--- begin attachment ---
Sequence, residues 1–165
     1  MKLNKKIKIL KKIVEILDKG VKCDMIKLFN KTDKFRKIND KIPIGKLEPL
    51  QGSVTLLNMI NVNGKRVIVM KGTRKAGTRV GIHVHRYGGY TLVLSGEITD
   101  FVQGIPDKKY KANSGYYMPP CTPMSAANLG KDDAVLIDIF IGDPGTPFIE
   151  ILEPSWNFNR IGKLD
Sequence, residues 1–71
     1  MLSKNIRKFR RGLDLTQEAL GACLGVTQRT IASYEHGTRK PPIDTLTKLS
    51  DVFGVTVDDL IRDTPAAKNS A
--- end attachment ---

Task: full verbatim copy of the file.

Sequence, residues 1–165
     1  MKLNKKIKIL KKIVEILDKG VKCDMIKLFN KTDKFRKIND KIPIGKLEPL
    51  QGSVTLLNMI NVNGKRVIVM KGTRKAGTRV GIHVHRYGGY TLVLSGEITD
   101  FVQGIPDKKY KANSGYYMPP CTPMSAANLG KDDAVLIDIF IGDPGTPFIE
   151  ILEPSWNFNR IGKLD
Sequence, residues 1–71
     1  MLSKNIRKFR RGLDLTQEAL GACLGVTQRT IASYEHGTRK PPIDTLTKLS
    51  DVFGVTVDDL IRDTPAAKNS A